Today, DJ’s sample music from various artists to put together a whole new sound, and designing fashion  for the future involves sampling from the best of the past. A Chanel jacket worn to a tea party in a Parisian garden is still recognizable as a Chanel jacket worn to a hip-hop concert in Atlanta. The design makes it classic; the change in venue and unique style and taste of the person wearing it makes it thoroughly modern, and that ensures its timelessness. Sometimes a clean break with the past is warranted but the best of design remains and the best designers will be those who sample from that reservoir of vision and artistry and make it into something new for the next generation. To abandon the past completely is like leaving fantastic footage on the cutting room floor, and in the fashion world, even when some claim a style is over, that usually turns out not to be the case. How many times have I read that the 1970’s/ boho/ hippie look was dead forever only to see it come roaring back the next season? There’s a reason why certain looks and styles return again and again, remixed, and welcomed as the latest thing—it’s worth remixing and updating, and in the new form it is the latest thing. How many magazine articles have I seen about Faye Dunaway’s iconic “career bitch” look from Network, or the gangster chic style of Bonnie & Clyde? There’s a reason why fashion magazines keep coming back to the landmark Maysles Brothers documentary Grey Gardens for inspiration: Little Edie is a genius at fashion sampling! She knows how to wear a sweater as a turban or a skirt, accessorize with a fabulous brooch from her debutante days, tights and pumps and voila--“the best costume for today!”

Even in this ultra-modern age those from millennials to Gen-Xers are seeking out reboots and throwbacks in fashion, music, film and television, whether from the ‘70’s, ‘80’s, or 90’s. Vinyl is making a comeback (I’m thinking of record albums here rather than clothing but if you’re into the punk look, take your pick). As people move into the future they want the new but they also want that connection to the best of the past, for both inspiration and for raw material.

Back to where I started at the Stanford Theatre in the heart of Silicon Valley, where film fans young and old come together at a fabulous old-time movie palace. The kids might’ve been watching Star Wars at the multiplex last night, but they’re here to watch the silent Harold Lloyd film Safety Last tonight, as the lights dim and the mighty Wurlitzer organ plays down front. Somewhere nearby someone’s just launched a new app that might change the world, and a couple of train stops away Google is testing its latest robot. And the beat goes on and on.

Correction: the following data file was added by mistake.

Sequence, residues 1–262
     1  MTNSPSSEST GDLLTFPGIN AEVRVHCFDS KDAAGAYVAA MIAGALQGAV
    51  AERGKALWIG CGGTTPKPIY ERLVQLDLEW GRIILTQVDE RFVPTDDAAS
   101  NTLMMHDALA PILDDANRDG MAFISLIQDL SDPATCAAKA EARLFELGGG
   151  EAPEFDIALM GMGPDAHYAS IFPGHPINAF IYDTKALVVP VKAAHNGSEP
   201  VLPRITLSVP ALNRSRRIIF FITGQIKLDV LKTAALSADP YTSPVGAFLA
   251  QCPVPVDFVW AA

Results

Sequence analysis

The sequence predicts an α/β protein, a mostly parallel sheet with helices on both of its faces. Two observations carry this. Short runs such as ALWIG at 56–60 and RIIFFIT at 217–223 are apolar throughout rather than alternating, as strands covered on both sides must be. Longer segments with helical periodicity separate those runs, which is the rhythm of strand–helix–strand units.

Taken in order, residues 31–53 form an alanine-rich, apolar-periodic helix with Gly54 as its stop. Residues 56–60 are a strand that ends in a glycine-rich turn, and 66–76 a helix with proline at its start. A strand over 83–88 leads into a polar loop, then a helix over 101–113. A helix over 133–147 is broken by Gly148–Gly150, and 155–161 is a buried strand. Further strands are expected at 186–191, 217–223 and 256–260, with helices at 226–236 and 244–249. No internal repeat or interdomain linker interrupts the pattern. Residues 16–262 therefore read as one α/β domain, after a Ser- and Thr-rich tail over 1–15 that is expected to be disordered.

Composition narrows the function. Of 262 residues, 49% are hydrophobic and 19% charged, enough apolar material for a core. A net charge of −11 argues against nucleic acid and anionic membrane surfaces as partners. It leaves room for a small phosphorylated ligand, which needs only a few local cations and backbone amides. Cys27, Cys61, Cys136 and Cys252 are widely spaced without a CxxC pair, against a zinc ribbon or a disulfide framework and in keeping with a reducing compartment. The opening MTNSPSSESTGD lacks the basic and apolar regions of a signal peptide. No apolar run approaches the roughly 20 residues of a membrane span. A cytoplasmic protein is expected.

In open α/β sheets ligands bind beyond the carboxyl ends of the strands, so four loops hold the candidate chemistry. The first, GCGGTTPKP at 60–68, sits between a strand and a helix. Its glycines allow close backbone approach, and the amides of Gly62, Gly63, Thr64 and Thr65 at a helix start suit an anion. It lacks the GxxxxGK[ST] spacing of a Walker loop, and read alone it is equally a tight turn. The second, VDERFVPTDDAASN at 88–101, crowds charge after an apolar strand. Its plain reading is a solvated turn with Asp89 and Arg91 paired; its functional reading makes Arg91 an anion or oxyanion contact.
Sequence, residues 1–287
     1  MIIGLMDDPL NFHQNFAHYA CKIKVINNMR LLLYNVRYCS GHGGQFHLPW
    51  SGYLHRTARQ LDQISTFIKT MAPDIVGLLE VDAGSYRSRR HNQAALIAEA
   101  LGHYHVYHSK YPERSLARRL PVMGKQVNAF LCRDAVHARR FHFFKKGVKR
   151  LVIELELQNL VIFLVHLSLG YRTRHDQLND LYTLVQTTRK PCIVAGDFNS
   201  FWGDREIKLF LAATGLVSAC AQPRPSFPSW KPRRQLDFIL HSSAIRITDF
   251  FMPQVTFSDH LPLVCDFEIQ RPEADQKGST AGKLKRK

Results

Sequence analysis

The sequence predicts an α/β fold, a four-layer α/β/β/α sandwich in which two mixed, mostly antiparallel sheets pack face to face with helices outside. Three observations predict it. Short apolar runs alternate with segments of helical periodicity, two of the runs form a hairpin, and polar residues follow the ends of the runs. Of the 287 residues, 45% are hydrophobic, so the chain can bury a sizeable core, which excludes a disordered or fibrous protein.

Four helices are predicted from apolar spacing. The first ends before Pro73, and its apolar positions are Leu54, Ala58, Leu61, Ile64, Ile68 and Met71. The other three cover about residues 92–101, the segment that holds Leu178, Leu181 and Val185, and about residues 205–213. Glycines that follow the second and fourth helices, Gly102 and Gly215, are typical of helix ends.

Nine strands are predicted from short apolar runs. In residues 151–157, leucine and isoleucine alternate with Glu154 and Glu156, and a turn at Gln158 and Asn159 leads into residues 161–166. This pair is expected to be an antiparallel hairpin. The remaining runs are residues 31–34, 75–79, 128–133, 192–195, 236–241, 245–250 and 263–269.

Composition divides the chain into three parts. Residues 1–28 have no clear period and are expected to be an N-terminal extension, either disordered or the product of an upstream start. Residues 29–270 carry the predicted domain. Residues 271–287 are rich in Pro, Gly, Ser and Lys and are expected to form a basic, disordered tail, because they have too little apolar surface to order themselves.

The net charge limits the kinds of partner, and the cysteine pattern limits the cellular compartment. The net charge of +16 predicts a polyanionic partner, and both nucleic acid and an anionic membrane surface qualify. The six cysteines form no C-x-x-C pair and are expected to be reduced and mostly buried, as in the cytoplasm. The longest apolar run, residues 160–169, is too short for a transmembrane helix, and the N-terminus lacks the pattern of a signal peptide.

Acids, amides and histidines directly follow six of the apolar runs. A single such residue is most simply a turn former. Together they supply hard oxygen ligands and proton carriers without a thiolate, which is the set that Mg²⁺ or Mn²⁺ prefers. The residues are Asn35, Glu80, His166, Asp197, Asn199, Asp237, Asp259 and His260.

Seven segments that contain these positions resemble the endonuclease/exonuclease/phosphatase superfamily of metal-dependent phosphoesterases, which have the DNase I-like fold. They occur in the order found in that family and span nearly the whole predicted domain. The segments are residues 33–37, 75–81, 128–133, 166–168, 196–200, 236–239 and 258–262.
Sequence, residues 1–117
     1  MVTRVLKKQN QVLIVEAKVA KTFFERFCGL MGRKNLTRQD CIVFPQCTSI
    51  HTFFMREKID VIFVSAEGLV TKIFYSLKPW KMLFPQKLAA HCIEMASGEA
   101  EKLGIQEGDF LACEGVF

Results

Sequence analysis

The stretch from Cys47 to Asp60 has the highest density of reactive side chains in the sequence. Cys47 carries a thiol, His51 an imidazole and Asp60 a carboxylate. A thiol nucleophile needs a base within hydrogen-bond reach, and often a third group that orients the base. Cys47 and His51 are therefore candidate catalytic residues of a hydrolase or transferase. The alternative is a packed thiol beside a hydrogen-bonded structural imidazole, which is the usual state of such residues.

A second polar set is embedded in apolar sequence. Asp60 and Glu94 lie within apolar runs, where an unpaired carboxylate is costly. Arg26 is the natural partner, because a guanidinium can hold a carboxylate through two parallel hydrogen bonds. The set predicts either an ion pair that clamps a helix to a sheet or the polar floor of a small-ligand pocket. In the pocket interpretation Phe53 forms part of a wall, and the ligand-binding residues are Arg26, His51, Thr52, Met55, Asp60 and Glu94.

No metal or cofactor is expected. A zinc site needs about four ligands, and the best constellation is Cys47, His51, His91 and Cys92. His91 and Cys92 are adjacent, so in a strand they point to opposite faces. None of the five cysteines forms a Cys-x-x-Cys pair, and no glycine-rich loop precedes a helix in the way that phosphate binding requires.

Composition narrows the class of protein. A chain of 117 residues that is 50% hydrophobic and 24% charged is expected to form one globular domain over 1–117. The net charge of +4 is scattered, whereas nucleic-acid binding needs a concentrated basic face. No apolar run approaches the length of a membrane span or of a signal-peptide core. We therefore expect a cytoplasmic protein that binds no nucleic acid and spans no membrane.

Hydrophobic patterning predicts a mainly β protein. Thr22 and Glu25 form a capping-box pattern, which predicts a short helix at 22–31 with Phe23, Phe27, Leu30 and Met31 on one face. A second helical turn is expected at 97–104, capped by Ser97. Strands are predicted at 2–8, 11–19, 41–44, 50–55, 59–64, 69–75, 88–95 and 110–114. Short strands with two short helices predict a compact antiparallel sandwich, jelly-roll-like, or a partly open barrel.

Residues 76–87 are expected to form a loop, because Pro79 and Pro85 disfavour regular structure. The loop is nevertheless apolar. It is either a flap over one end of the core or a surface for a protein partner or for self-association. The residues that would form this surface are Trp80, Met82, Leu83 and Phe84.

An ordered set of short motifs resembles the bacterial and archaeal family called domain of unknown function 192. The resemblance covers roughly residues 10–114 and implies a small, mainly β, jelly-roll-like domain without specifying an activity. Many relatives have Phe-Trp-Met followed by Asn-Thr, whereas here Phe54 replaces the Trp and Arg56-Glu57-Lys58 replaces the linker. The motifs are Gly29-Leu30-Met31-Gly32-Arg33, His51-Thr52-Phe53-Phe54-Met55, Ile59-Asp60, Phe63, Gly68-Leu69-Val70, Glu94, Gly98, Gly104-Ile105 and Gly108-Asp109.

What Writers can Learn from Watching . . . Florence Foster Jenkins

This post is a bit different from the others seen here. It first appeared at Writer's Fun Zone, where I discuss what creative folks, including me, can learn from the story of Florence Foster Jenkins and even from those around her. If writers write always, no matter what, then singers also sing, painters paint, dancers dance, and the list goes on and on!

http://www.writersfunzone.com/blog/2016/09/08/sing-kind-music-always-nevada-mcpherson/

 

 

 

What I Learned from Watching . . . Ghost World

Ghost World (2004, dir. Terry Zwigoff), a dark comedy based on the graphic novel by Daniel Clowes, is about many things, not the least of which is the pain of growing up.  Enid (played superbly by Thora Birch) and her best friend Rebecca (Scarlett Johansson) have just graduated high school and made the conscious decision not to attend college. One of the last teen-age pranks they pull is on nerdy loner, Seymour (Steve Buscemi), when Enid calls him pretending to answer a personal ad he’d put in the paper.  The joke’s on Enid, though, when she finds herself drawn to Seymour, much to Rebecca’s chagrin.  As the summer wears on and the demands of adulthood immediately begin to close in, Enid and Rebecca find themselves drifting apart. While Rebecca readily adjusts to finding a job and getting an apartment, Enid, caught in the gap between teen freedom and adult responsibility, just can’t.